Controlled substances are drugs strictly regulated by the federal government. People can face criminal charges when they possess controlled substances prohibited by law or when they possess legal drugs without valid prescriptions or authorization.

Drug Crimes


Most drug crime are prosecuted in state courts, but more serious crimes may result in federal charges. In most cases, convictions carry the possibility of very long terms of imprisonment and enormous fines.

Drug Crimes Defense Lawyers in Columbus, OH | Sabol | Mallory

Were you or your loved arrested or do you believe you could be under investigation for an alleged drug crime in the greater Columbus area? No matter how confident you are in your innocence, do not say anything to authorities until you have legal representation.


You will want to contact Sabol | Mallory right away. Call (614) 300-5088 or contact us online to receive a free consultation.

Drug Schedules

The federal Controlled Substances Act (CSA) is found in Chapter 13 of Title 21 of the United States Code. It divides controlled substances into five schedules:


  • Schedule I — Controlled substances with no currently accepted medical use and a high potential for abuse. Examples include cannabis (marijuana), methaqualone, heroin, lysergic acid diethylamide (LSD), peyote, and 3,4-methylenedioxymethamphetamine (MDMA, Ecstasy, or Molly).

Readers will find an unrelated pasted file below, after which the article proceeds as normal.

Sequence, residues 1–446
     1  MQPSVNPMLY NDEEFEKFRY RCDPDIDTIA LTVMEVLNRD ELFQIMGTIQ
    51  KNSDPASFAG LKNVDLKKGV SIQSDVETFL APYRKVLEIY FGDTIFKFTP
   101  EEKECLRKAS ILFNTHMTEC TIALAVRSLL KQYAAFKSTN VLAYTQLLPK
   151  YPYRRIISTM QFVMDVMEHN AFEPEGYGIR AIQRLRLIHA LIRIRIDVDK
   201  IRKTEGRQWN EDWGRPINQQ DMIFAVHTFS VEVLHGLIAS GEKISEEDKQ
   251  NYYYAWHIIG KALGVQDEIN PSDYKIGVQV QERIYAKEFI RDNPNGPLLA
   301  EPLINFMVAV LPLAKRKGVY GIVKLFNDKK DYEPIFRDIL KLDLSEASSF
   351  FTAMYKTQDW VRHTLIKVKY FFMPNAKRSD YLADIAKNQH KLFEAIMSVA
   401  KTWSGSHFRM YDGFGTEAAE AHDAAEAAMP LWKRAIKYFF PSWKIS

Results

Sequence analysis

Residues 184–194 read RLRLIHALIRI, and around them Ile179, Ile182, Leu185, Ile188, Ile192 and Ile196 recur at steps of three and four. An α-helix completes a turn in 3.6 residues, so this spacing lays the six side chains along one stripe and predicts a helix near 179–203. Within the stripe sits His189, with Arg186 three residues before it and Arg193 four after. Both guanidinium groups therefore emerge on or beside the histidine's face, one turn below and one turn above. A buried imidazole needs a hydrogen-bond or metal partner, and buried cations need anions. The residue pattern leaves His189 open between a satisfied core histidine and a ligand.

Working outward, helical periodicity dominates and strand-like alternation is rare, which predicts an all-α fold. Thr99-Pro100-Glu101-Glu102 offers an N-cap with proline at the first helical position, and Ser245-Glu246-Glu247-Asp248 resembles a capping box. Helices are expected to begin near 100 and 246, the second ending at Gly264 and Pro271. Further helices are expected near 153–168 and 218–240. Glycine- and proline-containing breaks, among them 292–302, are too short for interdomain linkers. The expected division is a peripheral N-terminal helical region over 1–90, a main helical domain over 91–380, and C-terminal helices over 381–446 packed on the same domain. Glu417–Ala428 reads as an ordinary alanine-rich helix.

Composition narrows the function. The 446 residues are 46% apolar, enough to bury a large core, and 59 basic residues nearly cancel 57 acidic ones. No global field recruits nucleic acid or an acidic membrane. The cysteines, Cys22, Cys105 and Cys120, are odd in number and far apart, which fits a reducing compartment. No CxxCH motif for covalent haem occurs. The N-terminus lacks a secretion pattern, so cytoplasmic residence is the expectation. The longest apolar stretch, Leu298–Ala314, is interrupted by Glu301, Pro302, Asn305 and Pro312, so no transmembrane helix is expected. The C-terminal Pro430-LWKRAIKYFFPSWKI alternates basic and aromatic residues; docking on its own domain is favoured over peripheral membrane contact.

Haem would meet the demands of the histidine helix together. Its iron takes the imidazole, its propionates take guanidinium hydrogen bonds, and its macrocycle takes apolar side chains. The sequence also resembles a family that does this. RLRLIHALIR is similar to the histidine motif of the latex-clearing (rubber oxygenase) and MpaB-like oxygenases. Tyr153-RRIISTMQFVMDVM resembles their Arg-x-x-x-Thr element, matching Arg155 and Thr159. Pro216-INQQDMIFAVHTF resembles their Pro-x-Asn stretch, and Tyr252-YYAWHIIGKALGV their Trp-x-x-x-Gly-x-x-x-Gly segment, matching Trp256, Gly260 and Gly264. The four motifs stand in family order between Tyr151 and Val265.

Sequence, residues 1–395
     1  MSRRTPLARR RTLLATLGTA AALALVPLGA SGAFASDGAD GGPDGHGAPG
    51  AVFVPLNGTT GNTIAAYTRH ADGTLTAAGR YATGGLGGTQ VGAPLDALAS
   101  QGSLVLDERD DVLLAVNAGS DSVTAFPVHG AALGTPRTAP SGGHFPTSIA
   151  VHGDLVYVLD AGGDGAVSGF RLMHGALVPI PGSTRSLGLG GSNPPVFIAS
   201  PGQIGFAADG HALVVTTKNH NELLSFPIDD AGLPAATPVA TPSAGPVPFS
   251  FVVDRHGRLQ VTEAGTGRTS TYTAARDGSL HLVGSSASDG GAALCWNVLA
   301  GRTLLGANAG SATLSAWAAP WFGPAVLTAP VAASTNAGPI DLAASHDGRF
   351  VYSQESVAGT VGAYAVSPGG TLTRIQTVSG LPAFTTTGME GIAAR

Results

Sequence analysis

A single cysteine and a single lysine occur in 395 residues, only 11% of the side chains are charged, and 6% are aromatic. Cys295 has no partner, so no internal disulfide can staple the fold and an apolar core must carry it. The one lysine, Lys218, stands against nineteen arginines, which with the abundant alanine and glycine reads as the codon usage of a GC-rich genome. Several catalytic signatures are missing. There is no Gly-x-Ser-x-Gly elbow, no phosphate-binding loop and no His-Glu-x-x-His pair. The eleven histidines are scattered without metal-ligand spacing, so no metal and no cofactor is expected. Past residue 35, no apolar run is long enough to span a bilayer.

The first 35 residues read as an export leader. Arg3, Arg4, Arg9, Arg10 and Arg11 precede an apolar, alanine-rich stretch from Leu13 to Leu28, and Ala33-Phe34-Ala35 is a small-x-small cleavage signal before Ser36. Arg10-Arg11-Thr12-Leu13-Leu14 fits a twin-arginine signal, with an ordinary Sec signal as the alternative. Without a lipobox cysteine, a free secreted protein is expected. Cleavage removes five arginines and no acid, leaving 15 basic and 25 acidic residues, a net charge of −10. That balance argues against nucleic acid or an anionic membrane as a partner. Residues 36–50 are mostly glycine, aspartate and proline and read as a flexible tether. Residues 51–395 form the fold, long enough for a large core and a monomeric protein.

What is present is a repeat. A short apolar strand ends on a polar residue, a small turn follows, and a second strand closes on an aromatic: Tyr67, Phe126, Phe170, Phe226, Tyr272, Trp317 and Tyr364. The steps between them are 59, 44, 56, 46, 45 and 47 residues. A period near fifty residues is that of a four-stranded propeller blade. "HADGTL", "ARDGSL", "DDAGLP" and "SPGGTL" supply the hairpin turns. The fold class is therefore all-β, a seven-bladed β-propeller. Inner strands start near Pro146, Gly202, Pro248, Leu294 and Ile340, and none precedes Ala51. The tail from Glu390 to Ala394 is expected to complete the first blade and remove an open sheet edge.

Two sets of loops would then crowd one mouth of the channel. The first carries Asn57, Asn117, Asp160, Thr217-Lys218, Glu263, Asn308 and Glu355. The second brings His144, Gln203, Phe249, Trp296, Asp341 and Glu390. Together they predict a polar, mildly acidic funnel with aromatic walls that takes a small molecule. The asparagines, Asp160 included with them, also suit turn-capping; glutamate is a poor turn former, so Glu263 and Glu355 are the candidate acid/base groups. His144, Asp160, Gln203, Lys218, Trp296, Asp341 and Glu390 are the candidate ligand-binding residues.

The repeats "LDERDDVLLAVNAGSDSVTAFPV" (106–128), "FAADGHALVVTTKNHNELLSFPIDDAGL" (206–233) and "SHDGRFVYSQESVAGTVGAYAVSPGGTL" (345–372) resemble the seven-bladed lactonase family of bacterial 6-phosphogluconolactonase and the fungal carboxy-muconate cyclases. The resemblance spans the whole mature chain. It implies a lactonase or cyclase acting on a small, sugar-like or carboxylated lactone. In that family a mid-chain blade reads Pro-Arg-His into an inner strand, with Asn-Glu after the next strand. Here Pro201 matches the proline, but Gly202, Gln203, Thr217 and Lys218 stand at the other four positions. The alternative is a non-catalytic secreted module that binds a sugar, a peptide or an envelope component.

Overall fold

• Schedule II — Controlled substances with a high potential for abuse, with use potentially leading to severe psychological or physical dependence. Examples include cocaine, meperidine (Demerol), combination products with less than 15 milligrams of hydrocodone per dosage unit (Vicodin), Dexedrine, methamphetamine, methadone, Adderall, hydromorphone (Dilaudid), fentanyl, Ritalin, and oxycodone (OxyContin).


  • Schedule III — Controlled substances with a moderate to low potential for physical and psychological dependence. Examples include anabolic steroids, testosterone, ketamine, and products containing less than 90 milligrams of codeine per dosage unit (Tylenol with codeine).


  • Schedule IV — Controlled substances with a low potential for abuse and low risk of dependence. Examples include Tramadol, Ativan, Soma, Darvocet, Valium, Xanax, Talwin, Ambien, and Darvon.


  • Schedule V — Controlled substances with lower potential for abuse than Schedule IV and consist of preparations containing limited quantities of certain narcotics. Examples include Motofen, Lomotil, Parepectolin, Lyrica, and cough preparations with less than 200 milligrams of codeine or per 100 milliliters (Robitussin AC).


Controlled substance schedules in Ohio are established under Ohio Revised Code § 3719.41. Ohio’s drug schedules substantially conform to the federal schedules, and any additions, deletions, or rescheduling made in the federal schedules automatically become part of the state schedule.